Securities fraud lawsuit over Elon Musk’s 2018 tweets is coming to an end
An attorney for Tesla Inc. shareholders. who claim Elon Musk misled them when he tweeted that he had been given money to take his electric car company private are expected to make closing arguments before a jury in San Francisco on Friday.
A nine-person jury will decide whether the tweet artificially inflated Tesla’s share price by playing up the financing status of the deal, and if so, by how much.
Investors are demanding billions in damages from Musk, Tesla and several company directors.
The trial will test whether Musk, the second richest person in the world, can be held accountable for his sometimes impulsive use of Twitter.
Tesla shareholders have accused Musk of misleading them on August 7, 2018 by tweeting that he was considering taking Tesla private at $420 per share, a 23% premium over the last closing price, and valuing the company at $72 billion, and had “secured the funding”. .”
They say Musk lied when he tweeted later that day that “investor support has been confirmed.”
Tesla’s stock price traded higher than it had before Musk’s tweets for much of the 10-day period covered by the lawsuit, but fell when it became clear that a buyout would not take place.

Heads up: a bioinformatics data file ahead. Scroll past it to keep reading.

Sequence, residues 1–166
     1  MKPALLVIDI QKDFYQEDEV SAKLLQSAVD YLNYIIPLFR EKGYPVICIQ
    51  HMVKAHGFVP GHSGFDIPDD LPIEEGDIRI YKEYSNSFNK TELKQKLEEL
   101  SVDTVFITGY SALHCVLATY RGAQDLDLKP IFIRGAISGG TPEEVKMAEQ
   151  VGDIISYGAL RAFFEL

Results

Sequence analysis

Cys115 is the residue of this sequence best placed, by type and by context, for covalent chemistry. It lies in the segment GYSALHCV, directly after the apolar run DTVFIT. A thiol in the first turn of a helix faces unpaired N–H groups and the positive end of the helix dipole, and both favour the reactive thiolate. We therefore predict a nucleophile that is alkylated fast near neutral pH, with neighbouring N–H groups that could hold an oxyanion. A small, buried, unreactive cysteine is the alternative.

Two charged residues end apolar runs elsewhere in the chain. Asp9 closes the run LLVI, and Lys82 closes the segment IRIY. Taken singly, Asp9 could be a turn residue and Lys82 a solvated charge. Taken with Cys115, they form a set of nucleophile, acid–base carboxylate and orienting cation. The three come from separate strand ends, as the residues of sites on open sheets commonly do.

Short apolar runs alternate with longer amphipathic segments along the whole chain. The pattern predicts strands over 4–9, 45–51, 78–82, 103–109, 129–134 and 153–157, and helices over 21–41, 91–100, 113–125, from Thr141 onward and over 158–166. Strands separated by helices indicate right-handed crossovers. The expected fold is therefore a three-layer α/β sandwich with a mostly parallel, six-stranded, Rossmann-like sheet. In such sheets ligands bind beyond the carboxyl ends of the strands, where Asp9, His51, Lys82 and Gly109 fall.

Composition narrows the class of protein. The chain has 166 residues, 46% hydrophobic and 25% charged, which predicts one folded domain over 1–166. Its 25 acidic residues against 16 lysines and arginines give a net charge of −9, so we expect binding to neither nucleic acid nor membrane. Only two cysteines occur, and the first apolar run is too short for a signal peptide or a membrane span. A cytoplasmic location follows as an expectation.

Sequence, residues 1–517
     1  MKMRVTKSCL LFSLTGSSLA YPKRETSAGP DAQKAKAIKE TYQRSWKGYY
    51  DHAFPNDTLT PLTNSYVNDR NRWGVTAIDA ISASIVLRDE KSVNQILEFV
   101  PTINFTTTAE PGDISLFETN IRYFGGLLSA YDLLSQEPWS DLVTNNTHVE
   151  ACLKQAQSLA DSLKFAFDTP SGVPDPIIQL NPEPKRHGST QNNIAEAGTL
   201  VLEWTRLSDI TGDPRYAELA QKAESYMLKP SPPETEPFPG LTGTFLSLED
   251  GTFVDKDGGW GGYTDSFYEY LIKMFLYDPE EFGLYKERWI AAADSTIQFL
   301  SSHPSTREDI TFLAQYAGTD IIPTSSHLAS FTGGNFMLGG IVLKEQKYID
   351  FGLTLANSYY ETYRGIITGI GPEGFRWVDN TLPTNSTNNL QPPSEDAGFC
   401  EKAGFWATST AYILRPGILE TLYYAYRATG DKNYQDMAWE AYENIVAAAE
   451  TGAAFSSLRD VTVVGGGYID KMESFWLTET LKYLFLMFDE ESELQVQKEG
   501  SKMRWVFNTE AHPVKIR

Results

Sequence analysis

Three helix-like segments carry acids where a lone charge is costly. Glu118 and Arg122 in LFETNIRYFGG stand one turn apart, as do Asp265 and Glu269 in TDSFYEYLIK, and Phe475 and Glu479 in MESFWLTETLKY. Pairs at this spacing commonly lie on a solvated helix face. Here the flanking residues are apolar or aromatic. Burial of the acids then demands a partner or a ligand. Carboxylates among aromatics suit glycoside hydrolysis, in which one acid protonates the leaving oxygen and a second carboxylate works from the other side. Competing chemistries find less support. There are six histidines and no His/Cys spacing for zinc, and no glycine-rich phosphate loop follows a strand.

During the three-week trial, jurors heard testimony from witnesses, including Tesla executives, Musk’s financial advisers, and Musk himself.
Musk testified that funding was not an issue when he sent the tweets. He said he had arranged financing, including a verbal commitment from Saudi Arabia’s sovereign wealth fund, and could have used his stake in SpaceX to fund the deal.
But Musk admitted on the stand that he lacked specific commitments from potential financiers.
The defense team, also expected to deliver closing arguments Friday, has acknowledged that the tweets contained “technical inaccuracies,” but said Musk was focused on making sure small shareholders had the same information as large investors who knew about the possible buyout.